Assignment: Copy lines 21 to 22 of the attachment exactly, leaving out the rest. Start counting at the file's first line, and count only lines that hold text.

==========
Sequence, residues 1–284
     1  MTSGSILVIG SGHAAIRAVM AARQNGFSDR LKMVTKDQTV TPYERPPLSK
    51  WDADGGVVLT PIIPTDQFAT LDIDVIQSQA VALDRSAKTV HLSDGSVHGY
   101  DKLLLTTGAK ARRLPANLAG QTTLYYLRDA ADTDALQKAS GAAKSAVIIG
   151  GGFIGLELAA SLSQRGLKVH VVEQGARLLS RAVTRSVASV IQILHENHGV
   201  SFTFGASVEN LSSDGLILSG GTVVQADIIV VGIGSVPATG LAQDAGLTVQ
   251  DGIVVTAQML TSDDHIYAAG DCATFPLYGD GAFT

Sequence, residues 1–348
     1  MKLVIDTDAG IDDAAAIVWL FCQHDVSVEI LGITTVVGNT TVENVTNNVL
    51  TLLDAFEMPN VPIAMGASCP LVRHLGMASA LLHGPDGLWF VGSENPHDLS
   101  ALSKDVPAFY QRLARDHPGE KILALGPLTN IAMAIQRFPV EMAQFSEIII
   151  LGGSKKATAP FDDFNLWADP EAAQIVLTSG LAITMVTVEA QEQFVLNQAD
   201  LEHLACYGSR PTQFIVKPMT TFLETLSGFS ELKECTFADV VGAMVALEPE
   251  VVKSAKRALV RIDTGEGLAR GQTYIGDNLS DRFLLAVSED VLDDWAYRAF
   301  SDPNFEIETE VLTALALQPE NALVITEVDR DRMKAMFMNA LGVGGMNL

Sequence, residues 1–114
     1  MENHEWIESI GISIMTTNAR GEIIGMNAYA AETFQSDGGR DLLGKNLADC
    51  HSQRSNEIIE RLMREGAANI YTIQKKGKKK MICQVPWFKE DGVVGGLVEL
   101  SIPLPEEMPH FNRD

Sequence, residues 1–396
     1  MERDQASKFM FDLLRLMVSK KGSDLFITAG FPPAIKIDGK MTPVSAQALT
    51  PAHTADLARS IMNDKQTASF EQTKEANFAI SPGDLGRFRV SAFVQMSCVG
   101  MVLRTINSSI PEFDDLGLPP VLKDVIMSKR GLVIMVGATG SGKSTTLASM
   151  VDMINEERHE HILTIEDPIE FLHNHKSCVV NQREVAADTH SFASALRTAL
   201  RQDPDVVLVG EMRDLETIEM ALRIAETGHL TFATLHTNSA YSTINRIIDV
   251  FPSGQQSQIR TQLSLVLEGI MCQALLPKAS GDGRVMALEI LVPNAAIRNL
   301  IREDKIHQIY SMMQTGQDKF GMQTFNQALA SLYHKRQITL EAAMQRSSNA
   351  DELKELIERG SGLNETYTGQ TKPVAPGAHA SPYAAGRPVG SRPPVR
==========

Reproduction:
     1  MERDQASKFM FDLLRLMVSK KGSDLFITAG FPPAIKIDGK MTPVSAQALT
    51  PAHTADLARS IMNDKQTASF EQTKEANFAI SPGDLGRFRV SAFVQMSCVG